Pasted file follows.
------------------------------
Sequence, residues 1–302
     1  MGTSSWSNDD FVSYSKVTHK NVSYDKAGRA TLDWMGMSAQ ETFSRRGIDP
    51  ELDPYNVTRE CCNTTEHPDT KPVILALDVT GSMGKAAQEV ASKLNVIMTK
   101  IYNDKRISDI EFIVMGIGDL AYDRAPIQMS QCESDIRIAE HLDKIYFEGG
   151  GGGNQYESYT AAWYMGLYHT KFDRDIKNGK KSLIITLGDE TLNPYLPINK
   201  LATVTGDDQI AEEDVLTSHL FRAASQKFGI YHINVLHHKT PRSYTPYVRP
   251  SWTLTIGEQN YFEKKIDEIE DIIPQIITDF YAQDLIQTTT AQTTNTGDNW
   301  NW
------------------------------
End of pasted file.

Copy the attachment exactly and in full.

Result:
Sequence, residues 1–302
     1  MGTSSWSNDD FVSYSKVTHK NVSYDKAGRA TLDWMGMSAQ ETFSRRGIDP
    51  ELDPYNVTRE CCNTTEHPDT KPVILALDVT GSMGKAAQEV ASKLNVIMTK
   101  IYNDKRISDI EFIVMGIGDL AYDRAPIQMS QCESDIRIAE HLDKIYFEGG
   151  GGGNQYESYT AAWYMGLYHT KFDRDIKNGK KSLIITLGDE TLNPYLPINK
   201  LATVTGDDQI AEEDVLTSHL FRAASQKFGI YHINVLHHKT PRSYTPYVRP
   251  SWTLTIGEQN YFEKKIDEIE DIIPQIITDF YAQDLIQTTT AQTTNTGDNW
   301  NW